A vacation from inflation
Last month, two prominent firms introduced real estate reports — one for the Mumbai Metropolitan region and the other real estate trends in Asia Pacific 2015. ASK Property Investment Advisors (ASKPIA), the real-estate private equity arm of ASK Group, launched the first-ever detailed report on Mumbai residential real estate. During the launch of this report, Sunil Rohokale, CEO & managing director, ASK Group, said, “Mumbai’s growth continues to be driven by finance, media, telecom, entertainment, IT/ ITeS, gems and jewellery and trading industry and posted 15% annual growth in last seven years. The imminent economic growth would result in rising incomes, higher addition of jobs, and need for housing. The expectations of softening interest rates, standardisation in approvals and various policy initiatives will provide boost to the real estate sector. At the same time providing housing that meets the end-user budget would be the real challenge.”
The second report jointly published by the Urban Land Institute (ULI) and PricewaterhouseCoopers (PwC), says that sentiment around Indian real estate among both domestic and international investors has improved in recent times, following the election of a new government and also on account of an upturn in consumer demand.
If investor sentiment in last year’s Emerging Trends in Real Estate Asia Pacific report reflected a degree of bemusement at how regional markets had remained so resilient in an environment of weakening economic fundamentals and apparently ever-compressing cap rates, the tone this year is more one of resignation. With asset prices across the region now setting new highs, cap rates plumbing new lows, and economic conditions as weak or weaker than in 2013, real estate buyers appear to have embraced a new normal, where, investment markets are now well ahead of fundamentals—they’re pricing in a recovery that just isn’t there.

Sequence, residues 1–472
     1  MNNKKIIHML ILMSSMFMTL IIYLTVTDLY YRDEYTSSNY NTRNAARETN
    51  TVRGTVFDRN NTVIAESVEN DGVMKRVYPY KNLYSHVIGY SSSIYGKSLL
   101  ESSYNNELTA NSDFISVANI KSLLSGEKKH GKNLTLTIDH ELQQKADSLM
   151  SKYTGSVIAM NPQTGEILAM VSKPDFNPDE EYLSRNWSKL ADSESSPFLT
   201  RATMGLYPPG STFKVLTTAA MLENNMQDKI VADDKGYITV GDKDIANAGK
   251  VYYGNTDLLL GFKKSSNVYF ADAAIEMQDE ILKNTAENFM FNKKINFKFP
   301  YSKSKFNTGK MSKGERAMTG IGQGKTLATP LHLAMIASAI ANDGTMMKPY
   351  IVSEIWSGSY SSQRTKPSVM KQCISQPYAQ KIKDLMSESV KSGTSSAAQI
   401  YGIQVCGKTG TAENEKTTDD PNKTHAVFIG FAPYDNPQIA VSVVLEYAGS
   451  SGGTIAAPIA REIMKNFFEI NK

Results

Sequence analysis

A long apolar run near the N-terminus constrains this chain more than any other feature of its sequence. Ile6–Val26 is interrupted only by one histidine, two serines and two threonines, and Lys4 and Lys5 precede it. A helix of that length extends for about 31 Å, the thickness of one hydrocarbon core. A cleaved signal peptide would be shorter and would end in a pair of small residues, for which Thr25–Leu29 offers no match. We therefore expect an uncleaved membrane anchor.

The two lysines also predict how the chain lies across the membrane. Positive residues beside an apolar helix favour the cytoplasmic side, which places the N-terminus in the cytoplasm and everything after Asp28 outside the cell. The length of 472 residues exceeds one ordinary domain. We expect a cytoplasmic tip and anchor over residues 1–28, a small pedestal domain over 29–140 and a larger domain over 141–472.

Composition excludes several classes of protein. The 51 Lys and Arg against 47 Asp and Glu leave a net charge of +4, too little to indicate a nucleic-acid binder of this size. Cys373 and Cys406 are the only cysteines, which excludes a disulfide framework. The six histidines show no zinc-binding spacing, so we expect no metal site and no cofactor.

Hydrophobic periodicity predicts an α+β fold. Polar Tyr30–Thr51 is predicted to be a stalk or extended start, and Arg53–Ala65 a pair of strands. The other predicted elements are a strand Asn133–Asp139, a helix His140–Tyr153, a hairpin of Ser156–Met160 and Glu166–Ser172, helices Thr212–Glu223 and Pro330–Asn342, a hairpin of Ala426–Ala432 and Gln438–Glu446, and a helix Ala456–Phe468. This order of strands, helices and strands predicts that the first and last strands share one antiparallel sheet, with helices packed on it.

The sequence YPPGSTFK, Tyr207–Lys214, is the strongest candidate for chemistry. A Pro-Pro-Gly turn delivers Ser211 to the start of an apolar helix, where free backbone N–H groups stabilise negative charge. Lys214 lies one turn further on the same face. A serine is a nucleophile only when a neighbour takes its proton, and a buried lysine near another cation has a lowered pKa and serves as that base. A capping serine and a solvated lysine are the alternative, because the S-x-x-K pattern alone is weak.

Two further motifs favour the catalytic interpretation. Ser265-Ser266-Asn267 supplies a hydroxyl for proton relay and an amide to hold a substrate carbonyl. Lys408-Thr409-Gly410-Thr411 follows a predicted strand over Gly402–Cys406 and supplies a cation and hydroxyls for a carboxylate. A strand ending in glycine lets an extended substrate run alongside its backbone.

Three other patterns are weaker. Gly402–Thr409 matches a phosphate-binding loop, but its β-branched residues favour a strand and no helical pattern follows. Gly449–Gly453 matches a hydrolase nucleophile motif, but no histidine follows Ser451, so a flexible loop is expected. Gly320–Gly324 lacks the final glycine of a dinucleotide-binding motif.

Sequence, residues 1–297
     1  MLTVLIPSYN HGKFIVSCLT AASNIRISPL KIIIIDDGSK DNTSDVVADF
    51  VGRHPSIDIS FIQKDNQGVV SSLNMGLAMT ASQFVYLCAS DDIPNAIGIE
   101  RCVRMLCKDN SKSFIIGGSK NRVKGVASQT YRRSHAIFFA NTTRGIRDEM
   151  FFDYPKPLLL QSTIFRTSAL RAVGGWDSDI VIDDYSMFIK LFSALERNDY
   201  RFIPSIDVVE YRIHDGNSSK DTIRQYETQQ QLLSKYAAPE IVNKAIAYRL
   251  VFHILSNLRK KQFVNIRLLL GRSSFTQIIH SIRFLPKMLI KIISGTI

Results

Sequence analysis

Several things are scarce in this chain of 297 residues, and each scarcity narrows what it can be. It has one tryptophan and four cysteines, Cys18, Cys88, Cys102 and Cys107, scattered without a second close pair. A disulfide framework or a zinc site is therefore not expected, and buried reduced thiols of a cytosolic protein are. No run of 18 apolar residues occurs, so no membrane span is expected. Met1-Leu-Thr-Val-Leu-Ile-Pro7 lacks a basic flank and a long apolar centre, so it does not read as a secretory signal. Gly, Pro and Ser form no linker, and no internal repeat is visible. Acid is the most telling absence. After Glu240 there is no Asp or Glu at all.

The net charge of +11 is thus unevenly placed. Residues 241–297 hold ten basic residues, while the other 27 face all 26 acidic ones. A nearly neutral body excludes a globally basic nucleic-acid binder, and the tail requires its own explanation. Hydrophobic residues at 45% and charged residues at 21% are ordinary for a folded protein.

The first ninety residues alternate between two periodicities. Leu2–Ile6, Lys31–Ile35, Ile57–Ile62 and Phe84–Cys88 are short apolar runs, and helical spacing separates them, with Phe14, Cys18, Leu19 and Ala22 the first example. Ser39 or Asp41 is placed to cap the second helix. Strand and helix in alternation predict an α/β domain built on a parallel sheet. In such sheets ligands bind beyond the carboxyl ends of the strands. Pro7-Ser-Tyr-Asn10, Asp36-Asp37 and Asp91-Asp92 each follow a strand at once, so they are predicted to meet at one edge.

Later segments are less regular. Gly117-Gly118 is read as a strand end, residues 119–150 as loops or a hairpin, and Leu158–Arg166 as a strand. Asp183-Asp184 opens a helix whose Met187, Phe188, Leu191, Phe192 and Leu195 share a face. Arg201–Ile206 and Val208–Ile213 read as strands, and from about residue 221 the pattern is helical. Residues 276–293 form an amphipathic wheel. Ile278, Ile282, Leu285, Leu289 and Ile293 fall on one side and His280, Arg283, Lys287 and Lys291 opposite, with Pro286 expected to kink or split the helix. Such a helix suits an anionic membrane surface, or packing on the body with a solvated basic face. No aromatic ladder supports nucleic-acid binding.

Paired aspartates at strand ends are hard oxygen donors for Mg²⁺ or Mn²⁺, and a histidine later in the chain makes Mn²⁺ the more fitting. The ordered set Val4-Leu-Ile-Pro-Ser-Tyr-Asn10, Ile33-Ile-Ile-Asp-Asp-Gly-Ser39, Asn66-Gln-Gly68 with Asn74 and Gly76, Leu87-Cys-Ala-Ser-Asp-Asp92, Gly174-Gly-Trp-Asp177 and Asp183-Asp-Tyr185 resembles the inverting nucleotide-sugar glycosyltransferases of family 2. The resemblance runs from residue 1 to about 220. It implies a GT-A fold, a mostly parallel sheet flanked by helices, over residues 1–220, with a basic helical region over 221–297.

The main reason behind this now-longstanding tension between economics and pricing is clear enough: Asian real estate is struggling to absorb a seemingly endless stream of new money arriving from a variety of sources, both outside Asia and (for the most part) within. They include sovereign wealth capital, regional pension funds, real estate investment trusts (REITs), and accumulated high-net-worth money from across the region.
In addition, and perhaps of greatest importance, Asian asset prices have been boosted by the trickle-down impact of almost six years of global central bank easing. While the U.S. Federal Reserve has now ended its most recent bond-repurchase program, rising aggregate stimulus from other global central banks has more than filled the resultant gap. The European Central Bank (ECB) announced new programs in September 2014 that will expand the ECB balance sheet by Rs 500 billion (approx. $625 billion) per year. After a new round of stimulus in late October 2014, Japanese central bank easing will now contribute another US$720 billion per year. And with Chinese central bank purchases of US Treasury bonds estimated to come in at $560 billion in 2014, current increases in global central bank easing now exceed the Rs 1 trillion rise in government-sponsored stimulus seen annually since 2010. As a result, according to a recent J P Morgan analysis, excess liquidity throughout the global economy is now “the most extreme ever in terms of its magnitude”.
Amit Bhagat, CEO and MD, ASK Property Investment Advisors Ltd, says, “The growing suburbanisation of the Mumbai region and demographic growth indicates a housing need of 120,000-125,000 units annually over next three years. We expect prices to not go up due to balanced demand-supply, while growth corridors are expected to witness rise in demand from end-user.”